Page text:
Question about closed credit accounts

DrezDrez Registered User regular
edited July 7 in Help / Advice Forum
Hey all, quick question: I'm well on my path to eliminating all my debt, but I'm trying to understand a couple of things to prioritized my Total Debt Annihilation.

I've been doing really good, but I like numbers and math and I'm trying to figure out what my actual utilization is. So, questions:

edit: I answered the now-spoilered questions on my own thanks to Credit Karma. Once the credit bureaus catch up to all the payments I've recently made, I'm utilization is going to whip down past and below 30% so I'm pretty excited about that. The only thing I'm concerned with now is the student loan question.
1) I have 2 closed credit card accounts. No latenesses or anything (I'm 100% golden on my payments) but these accounts have been closed for one reason or another. How does that impact utilization if there is a current balance? Does the credit line get removed from both the numerator AND denominator on the credit bureau side, or does my utilization just go to 100% for that particular card until it is fully paid off?

2) Do loans factor into utilization? How does that work? Is it always at 100% until fully paid off, or is the denominator the original balance when borrowed, or what?

I also have an age-of-credit question. My student loan from college still exists. It's very tiny and I've been pretty much paying the minimum forever. I'm very worried about eliminating it because my student loan is 19 years old. After some bad decisions in college, I eschewed credit cards for a very, very long time thereafter so my next oldest credit card is only about 9-10 years old, I think.

What should I do? Hold on to my student loan for awhile longer? Just pay it off and be done with it? Don't worry about what interest may end up costing me in the long run - it's not much and I'd rather just focus on what impact this may have on my credit score in a holistic sense.

Thanks for any info or advice.

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  • DaenrisDaenris Registered User regular
    I don't believe loans factor into that. Credit utilization rate is supposed to be based on open/revolving credit lines, so credit cards, home equity lines of credit, etc. Loans shouldn't affect that.

    NightDragon
  • AngelHedgieAngelHedgie Registered User regular
    Daenris wrote: »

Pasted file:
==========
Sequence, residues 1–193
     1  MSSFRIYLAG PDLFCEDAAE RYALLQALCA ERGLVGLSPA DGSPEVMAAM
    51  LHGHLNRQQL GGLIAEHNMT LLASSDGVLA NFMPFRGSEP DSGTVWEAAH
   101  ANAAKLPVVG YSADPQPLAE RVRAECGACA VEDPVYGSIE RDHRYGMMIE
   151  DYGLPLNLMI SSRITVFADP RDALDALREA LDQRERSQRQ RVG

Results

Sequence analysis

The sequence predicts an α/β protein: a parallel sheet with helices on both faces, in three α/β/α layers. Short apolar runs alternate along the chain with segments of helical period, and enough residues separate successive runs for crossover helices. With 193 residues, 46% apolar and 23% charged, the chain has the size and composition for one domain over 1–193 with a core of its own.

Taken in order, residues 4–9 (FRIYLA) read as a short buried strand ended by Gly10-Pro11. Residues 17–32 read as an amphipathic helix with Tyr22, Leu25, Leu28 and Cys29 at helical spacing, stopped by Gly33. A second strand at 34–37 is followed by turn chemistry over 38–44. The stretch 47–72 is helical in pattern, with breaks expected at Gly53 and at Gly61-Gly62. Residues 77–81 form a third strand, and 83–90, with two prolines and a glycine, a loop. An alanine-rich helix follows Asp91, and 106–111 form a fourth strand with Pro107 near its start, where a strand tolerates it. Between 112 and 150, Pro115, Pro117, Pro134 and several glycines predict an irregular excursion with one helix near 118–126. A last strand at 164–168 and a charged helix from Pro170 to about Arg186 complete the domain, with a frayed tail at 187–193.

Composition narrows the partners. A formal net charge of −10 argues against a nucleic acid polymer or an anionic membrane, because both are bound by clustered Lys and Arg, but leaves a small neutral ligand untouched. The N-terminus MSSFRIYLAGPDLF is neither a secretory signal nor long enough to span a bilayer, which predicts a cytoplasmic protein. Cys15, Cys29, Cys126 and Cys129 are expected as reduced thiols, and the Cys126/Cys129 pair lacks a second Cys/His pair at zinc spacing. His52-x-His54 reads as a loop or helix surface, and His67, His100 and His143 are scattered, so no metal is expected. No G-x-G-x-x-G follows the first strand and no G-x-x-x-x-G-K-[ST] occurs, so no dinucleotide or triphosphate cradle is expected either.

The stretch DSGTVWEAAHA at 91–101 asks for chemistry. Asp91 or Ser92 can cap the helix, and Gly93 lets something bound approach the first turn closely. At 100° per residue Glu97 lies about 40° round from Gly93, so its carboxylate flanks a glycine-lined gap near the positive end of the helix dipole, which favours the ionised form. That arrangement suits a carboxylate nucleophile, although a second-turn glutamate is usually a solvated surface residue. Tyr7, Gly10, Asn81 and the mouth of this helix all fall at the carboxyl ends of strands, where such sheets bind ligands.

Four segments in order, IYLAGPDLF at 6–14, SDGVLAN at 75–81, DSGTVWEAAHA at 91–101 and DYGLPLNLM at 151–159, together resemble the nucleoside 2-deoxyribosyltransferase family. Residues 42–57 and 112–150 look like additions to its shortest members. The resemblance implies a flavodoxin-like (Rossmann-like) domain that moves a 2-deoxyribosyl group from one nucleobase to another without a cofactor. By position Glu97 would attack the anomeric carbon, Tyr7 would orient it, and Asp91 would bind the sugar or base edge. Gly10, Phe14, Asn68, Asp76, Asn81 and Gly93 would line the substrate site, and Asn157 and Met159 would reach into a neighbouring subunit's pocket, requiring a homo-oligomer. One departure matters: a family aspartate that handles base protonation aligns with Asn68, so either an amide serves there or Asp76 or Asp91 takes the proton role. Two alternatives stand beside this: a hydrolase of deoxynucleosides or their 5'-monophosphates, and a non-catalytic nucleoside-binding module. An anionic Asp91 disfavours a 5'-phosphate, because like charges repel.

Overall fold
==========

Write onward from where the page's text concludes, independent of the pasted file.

I don't believe loans factor into that. Credit utilization rate is supposed to be based on open/revolving credit lines, so credit cards, home equity lines of credit, etc. Loans shouldn't affect that.

    You'd think that, but I saw my credit score literally drop 50 points when I paid off my student loans.

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  • DaenrisDaenris Registered User regular
    edited July 7
    Daenris wrote: »
    I don't believe loans factor into that. Credit utilization rate is supposed to be based on open/revolving credit lines, so credit cards, home equity lines of credit, etc. Loans shouldn't affect that.

    You'd think that, but I saw my credit score literally drop 50 points when I paid off my student loans.

    Could have been age of accounts since student loans are frequently among the oldest people have. Or number of accounts if you had a bunch of different loans. I'm definitely not suggesting student loans don't affect your credit score, but they won't affect it for credit utilization, because they aren't revolving credit accounts.

    I don't really want to pull up an official credit report right now, but Credit Karma has my utilization at 7%. If student loans were figuring into that it would be *much* higher, regardless of whether it used original or current balance as the denominator.

    Edit:

    This is from Experian: https://www.experian.com/blogs/ask-experian/credit-education/score-basics/credit-utilization-rate/

    "Credit utilization rates are based solely on revolving credit — essentially, your credit cards and lines of credit. The rates do not include installment loans like your mortgage or an auto loan. Those factor into your credit in a different way."

    Daenris on
  • ThegreatcowThegreatcow Lord of All Bacons Washington State - It's Wet up here innit? Registered User regular
    edited July 7
    I do believe the history is playing a factor there. When my mom actively worked in the banking industry, she broke down the major factors that affect your credit score. Of course this varies slightly between credit bureaus, but generally holds true across all three:

    -Payment History (ie how good are you at paying on time due date after due date)

    -Past Due Incidents (tying into the first one, how often you've had 30 days past due, 60 days past due 90 days past due etc incidents on your accounts)

    -Total Utilization of your available credit (As mentioned above, the general target is sub 30% but I've also heard It's better go well below that if possible, closer to 10-15% ideally)